Apple’s newest mobile operating system, iOS 5, debuts Wednesday with an exhausting list of 200-plus new features. That’s enough new stuff to keep you busy nerding out for weeks.
And despite that, the software’s focus is to cut the cord between your iOS device and your computer, so you can spend less time managing your digital content. With several interface improvements, new apps and new services, iOS 5’s goal is to get us in and out of our iDevices more quickly.
Of the many new items, iCloud, Notifications Center, Reminders and iMessage are the most noteworthy. They all work together to streamline the way you access and share data between multiple devices, like your computer and your iPhone, to make your digital life tidier and easier to manage.
But one thing in particular makes iOS 5 feel like Apple’s most ambitious mobile software update yet: iCloud. This is not Apple’s first try at an online storage and synchronization service. MobileMe, iCloud’s most recent predecessor, had a buggy launch that eventually resulted in an e-mail outage affecting thousands of customers. Critics dubbed the episode “MobileMess.”
In his keynote speech introducing iOS 5, Steve Jobs promised that iCloud would “just work” — but not without owning up to the embarrassing failure of MobileMe.
“You might ask, why should we believe them?” Jobs said. “These are the people who brought us MobileMe.”
The good news is that unlike MobileMe, iCloud does work fine with the key features in iOS 5, which suggests Apple may finally have a solid “cloud” solution on its hands.
The iCloud service is integrated into some key aspects of iOS 5: photos, e-books, device backups, document storage and, of course, iTunes music.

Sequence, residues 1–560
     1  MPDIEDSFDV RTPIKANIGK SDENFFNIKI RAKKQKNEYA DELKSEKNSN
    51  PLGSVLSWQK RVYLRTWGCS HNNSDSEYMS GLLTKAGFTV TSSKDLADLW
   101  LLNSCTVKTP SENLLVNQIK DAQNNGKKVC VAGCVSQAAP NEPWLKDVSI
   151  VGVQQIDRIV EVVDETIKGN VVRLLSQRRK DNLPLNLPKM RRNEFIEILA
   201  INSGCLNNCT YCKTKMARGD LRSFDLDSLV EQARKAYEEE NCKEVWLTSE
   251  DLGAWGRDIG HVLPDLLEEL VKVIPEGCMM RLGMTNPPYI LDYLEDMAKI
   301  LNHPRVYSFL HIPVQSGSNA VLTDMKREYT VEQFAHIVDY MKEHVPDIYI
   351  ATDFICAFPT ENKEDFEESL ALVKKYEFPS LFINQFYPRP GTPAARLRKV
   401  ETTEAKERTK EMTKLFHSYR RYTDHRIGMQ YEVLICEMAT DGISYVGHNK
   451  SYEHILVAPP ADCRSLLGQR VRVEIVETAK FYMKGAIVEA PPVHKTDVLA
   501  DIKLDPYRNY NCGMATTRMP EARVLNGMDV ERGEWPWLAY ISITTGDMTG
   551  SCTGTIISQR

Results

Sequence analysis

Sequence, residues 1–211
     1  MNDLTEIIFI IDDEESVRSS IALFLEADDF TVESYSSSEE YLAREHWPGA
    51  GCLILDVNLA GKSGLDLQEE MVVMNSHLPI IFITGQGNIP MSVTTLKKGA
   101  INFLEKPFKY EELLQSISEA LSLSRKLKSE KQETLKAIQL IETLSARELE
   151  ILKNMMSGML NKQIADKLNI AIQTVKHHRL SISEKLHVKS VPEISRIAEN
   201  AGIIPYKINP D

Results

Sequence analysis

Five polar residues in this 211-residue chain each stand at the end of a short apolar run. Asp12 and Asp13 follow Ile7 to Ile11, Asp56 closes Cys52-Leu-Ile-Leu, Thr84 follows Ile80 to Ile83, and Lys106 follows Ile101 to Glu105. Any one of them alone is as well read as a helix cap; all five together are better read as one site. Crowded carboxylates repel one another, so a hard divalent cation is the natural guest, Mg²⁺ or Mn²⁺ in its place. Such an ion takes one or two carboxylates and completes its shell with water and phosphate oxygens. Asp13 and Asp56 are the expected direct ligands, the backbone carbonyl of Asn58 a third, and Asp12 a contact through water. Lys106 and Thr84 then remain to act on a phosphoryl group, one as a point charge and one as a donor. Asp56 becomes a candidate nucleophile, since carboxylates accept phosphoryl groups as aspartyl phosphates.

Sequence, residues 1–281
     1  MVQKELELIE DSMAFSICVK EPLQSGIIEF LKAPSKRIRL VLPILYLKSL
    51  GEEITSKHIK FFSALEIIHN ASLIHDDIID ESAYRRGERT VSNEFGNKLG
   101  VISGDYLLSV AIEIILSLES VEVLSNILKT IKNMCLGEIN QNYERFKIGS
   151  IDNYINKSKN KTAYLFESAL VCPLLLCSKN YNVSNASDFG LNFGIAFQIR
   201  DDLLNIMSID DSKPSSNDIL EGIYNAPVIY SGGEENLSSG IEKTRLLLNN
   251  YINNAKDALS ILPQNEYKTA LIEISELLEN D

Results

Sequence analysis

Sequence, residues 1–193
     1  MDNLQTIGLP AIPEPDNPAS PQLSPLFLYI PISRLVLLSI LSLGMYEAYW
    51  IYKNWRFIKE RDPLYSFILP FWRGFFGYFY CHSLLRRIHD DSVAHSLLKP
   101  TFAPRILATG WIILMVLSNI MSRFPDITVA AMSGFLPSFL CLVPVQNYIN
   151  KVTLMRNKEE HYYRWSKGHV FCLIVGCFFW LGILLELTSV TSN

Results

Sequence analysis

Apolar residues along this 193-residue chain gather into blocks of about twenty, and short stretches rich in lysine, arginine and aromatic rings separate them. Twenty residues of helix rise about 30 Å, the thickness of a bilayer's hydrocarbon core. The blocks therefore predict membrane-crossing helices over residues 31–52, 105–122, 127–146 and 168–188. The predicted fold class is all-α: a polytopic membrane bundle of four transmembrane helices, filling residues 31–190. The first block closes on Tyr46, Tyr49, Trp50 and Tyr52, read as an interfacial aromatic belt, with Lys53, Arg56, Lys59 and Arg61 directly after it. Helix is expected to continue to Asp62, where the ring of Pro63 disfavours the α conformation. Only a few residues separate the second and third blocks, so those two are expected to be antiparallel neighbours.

I imagine that the most popular iCloud-powered feature among customers will be PhotoStream, an option you can toggle on to automatically synchronize photos across multiple devices. This was my favorite feature of iCloud. (Yes, Microsoft did this first with Windows Phone 7 and SkyDrive, and it worked about the same.)
On your iPhone, you toggle on PhotoStream and log in with your Apple ID, and then whenever you snap a picture, that same photo appears on your Mac or Windows PC through the PhotoStream channel. If you have an iPad running iOS 5, you can turn on PhotoStream and access your iPhone-taken photos there right away, too.
You no longer have to plug your iOS device into a computer with a USB cord (unless you really want to). Backups and synchronization can all happen on the device itself, as long as you’ve stored your data in iCloud.
It’s kind of like having a camera with a magic photo roll — you snap your photo once, and you can access it immediately on multiple devices. That spares you the trouble of having to import photos manually just to see them on another screen. This also works as an automatic backup system: It’s unlikely you’ll lose photos in the future, because they’ll be kept safe inside your PhotoStream.